- The ANSI/TIA 568 defined maximum conductor pair untwist is 0.50”. This means to remain in specification, the distance from the last twist in the pair to the point of electrical contact cannot exceed 0.50”.
Let’s get to it!
Start by stripping off about 2 ½” of cable jacket. You want to score it, not cut through it. Then, pop open the jacket by bending a couple of times at the score.
Cut off the rip cord and inspect for conductor nicks. Don’t underestimate the importance of checking for conductor nicks at the jacket edge!
If you accidentally nicked a conductor, you will need to start over. See What Does a Bad Termination Look Like? for pictures of what to look out for.
- Once the rip cord has been removed and you are satisfied there are no conductor nicks, remove the spline if applicable. Cat5e does not have an internal spline, but Cat6 and Cat6A will. See Refer to How To: Terminating a Cat6-6A Standard Load Bar Unshielded RJ45 Connector Step #4 for more about spline removal.
Orient the conductor pairs so they line up with the chosen T568A or B color code scheme. We are using T568B for this demonstration.
It does not matter whether you use the T568A or T568B color coding scheme. One is not better than the other. Just be sure to use the same color at both ends of the cable run!
Do not place any part of the cable jacket into the jack housing. Doing so will make proper termination difficult or impossible.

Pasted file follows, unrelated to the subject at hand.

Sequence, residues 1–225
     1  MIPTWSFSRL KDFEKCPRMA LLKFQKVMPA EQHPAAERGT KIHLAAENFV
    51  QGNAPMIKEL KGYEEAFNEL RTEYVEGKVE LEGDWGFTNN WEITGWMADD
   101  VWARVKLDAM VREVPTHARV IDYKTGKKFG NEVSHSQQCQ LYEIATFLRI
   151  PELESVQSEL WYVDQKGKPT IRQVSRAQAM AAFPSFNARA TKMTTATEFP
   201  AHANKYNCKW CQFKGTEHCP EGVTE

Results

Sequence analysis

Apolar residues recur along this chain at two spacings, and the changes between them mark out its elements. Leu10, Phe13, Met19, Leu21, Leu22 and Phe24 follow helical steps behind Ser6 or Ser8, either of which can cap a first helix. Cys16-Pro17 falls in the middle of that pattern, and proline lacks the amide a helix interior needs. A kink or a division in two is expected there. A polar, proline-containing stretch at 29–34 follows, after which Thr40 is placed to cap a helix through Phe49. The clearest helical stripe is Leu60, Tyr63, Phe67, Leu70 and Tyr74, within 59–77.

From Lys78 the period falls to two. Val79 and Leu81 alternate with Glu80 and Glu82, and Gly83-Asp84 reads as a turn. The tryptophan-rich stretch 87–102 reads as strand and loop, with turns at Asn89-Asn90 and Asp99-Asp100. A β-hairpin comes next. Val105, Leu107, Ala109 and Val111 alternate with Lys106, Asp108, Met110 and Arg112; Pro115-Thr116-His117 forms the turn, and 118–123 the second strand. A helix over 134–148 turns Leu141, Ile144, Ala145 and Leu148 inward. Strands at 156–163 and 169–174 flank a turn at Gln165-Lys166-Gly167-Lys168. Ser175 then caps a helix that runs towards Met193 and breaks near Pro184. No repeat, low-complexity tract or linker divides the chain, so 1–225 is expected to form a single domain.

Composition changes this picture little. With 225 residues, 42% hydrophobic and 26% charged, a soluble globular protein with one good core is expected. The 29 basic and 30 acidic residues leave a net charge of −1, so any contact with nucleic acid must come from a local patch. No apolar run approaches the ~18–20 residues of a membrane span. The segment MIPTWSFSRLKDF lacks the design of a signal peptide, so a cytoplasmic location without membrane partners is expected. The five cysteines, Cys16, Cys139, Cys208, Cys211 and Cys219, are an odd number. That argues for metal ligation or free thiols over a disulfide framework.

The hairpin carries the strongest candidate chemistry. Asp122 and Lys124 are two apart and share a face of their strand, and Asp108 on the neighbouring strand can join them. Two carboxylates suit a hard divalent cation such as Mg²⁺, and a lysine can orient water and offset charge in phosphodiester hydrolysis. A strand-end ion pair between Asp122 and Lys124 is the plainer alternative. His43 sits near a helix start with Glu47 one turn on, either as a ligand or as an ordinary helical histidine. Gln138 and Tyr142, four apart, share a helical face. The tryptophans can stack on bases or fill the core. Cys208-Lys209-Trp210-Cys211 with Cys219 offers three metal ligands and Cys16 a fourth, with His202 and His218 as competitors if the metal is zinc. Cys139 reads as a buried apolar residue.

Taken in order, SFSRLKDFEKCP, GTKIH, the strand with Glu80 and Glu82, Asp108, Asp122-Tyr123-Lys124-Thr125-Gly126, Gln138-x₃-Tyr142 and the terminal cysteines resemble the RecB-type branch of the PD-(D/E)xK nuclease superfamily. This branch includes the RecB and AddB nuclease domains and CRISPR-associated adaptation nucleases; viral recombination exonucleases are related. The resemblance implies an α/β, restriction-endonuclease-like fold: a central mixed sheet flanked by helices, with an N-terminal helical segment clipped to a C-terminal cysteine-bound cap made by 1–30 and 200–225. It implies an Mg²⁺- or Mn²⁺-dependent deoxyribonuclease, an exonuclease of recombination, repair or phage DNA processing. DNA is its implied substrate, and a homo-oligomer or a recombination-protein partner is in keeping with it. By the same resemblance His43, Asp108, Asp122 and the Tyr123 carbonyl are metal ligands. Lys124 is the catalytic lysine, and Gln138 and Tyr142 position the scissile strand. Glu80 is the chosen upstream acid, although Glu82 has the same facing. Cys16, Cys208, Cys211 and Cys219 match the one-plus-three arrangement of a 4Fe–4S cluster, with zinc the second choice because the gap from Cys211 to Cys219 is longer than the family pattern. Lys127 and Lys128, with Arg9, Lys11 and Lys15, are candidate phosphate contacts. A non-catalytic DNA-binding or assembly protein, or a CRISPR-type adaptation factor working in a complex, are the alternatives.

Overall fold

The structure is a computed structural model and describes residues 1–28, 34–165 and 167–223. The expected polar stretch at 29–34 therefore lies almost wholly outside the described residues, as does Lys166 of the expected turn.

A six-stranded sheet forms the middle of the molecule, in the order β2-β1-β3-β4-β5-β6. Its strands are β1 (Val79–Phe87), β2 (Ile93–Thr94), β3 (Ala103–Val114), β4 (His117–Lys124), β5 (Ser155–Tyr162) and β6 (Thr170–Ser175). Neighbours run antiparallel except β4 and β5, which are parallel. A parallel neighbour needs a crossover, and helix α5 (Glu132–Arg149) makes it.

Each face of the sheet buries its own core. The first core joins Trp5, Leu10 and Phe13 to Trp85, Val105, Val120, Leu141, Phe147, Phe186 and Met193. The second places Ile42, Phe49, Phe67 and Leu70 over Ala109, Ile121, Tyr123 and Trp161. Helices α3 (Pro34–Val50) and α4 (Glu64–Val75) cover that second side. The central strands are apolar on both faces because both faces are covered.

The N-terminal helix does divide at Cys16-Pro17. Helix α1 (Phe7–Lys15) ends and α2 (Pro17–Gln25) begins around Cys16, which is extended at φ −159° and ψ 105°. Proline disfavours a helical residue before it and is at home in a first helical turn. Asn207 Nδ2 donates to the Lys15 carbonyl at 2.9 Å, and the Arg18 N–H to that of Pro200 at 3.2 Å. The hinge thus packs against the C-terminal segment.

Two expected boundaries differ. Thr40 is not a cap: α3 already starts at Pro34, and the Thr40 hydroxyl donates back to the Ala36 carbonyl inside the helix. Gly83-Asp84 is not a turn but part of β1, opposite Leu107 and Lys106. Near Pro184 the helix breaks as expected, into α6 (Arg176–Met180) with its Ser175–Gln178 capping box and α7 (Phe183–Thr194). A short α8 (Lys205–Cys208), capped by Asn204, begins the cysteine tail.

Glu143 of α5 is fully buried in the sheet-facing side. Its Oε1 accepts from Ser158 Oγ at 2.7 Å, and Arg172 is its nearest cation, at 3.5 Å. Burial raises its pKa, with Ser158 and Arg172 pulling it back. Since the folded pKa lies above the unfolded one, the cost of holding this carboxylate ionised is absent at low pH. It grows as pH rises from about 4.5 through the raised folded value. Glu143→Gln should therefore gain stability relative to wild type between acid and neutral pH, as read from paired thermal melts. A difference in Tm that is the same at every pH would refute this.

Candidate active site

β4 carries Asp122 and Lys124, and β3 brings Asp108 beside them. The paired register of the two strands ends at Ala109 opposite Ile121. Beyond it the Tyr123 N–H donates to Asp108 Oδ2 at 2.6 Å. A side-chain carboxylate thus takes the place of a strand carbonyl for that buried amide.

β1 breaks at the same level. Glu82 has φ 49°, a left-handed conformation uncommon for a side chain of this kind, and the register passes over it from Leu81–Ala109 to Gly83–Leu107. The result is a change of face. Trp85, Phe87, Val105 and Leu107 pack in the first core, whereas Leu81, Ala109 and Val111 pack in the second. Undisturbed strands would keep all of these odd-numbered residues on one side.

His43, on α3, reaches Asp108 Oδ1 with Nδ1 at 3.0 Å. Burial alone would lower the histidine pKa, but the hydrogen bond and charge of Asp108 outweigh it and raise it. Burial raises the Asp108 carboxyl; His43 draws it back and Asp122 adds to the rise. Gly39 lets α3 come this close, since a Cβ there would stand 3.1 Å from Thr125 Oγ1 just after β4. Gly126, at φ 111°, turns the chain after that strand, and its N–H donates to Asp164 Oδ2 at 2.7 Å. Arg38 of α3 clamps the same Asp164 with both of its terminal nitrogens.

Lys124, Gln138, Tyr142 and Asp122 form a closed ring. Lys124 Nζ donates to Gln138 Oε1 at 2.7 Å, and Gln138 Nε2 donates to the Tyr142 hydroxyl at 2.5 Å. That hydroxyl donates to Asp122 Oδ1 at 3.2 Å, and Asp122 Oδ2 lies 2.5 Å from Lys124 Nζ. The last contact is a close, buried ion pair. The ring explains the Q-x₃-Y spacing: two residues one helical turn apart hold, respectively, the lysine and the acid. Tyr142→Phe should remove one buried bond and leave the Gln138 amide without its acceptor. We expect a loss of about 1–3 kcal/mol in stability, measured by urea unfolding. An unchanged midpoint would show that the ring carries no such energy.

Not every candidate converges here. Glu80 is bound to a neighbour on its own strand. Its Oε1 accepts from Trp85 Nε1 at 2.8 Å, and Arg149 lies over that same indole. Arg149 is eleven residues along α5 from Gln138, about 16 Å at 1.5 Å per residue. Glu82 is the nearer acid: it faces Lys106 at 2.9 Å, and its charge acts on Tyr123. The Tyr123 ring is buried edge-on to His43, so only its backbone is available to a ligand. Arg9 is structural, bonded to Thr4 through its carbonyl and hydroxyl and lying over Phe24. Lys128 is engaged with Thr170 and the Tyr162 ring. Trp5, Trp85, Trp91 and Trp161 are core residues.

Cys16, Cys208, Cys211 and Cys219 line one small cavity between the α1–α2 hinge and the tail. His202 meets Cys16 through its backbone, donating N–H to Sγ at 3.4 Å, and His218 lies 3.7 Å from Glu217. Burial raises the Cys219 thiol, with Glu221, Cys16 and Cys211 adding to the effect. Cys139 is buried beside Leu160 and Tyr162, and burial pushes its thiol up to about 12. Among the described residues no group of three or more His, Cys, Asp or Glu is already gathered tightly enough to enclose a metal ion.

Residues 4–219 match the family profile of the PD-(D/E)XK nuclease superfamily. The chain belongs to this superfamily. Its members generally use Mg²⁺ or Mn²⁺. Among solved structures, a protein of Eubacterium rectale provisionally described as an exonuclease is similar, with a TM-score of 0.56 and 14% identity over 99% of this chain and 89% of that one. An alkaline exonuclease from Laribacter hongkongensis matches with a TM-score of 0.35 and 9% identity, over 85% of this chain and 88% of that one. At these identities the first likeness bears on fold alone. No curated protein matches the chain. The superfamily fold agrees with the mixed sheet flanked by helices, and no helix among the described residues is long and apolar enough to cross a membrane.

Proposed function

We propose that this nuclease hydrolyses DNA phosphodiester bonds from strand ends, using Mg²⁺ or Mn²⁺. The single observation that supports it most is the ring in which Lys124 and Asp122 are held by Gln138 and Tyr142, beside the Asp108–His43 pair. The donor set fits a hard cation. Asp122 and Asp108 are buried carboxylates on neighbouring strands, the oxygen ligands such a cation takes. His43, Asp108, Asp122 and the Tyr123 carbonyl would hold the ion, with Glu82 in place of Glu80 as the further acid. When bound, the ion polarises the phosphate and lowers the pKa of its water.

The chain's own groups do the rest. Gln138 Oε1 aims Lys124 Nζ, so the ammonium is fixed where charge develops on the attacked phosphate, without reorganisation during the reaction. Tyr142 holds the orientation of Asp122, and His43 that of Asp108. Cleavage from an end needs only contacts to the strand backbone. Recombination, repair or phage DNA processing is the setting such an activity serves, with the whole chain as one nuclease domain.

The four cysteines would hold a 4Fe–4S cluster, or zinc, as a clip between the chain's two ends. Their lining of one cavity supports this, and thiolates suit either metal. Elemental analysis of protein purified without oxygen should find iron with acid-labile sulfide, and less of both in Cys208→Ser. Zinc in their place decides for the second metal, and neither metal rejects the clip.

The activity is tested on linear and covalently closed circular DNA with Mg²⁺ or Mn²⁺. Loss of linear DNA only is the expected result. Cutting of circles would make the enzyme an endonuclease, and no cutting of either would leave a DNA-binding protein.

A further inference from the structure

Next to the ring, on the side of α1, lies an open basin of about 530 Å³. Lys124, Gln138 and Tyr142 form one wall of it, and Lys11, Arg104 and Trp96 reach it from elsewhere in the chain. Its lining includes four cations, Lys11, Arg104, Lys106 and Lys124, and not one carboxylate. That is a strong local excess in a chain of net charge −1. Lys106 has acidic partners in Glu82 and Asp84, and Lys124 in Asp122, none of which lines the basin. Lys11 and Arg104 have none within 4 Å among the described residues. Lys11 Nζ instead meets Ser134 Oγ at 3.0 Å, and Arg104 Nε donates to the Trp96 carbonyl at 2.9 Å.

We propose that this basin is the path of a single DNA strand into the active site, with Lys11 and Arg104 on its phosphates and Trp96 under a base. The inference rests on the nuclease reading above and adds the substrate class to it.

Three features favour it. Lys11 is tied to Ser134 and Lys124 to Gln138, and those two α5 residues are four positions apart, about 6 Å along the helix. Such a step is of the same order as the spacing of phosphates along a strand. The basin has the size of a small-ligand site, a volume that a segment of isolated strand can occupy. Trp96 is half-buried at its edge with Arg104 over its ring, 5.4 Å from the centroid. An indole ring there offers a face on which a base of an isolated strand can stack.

Conductor pairs threaded into IDC channels
- Thread one pair at a time
- Always start with the pairs closest to the RJ45 port on the jack
- Use the pointed IDC towers to separate the the conductor pairs
- Only untwist if the pairs will not line up properly on the IDC slots
- Use the least amount of untwist necessary
For 110 tool impact punch down, punch all eight wires fully into their IDC slots
- Our punch down keystone jacks only accept 110 tool blades
- The cutting edge of the blade should be outside the jack housing
- Punch downward straight and level as possible for best results
- A second punch may be required to fully seat and/or flush cut the conductor
- Set the impact tool to “HI” for 23 AWG conductors. Set to “LO” for 24 AWG conductors.
The EZ termination tool makes this simple. Place the pre-threaded jack in the tool, and operate the handle. All conductors should be seated and cut in one operation.
Inspect your work. The conductors should be fully seated in the IDC channels and flush cut off. Snap on the IDC cap and done! All ready to insert into a wall plate or keystone jack patch panel
Well, there you have it. A ready to go keystone jack termination. Now you can plug a patch cable into the RJ45 port on the jack and gain a degree of flexibility you may not have had previously.
WAIT! Something went wrong? Check out What Does a Bad Termination Look Like?
trueCABLE presents the information on our website, including the “Cable Academy” blog and live chat support, as a service to our customers and other visitors to our website subject to our website terms and conditions. While the information on this website is about data networking and electrical issues, it is not professional advice and any reliance on such material is at your own risk.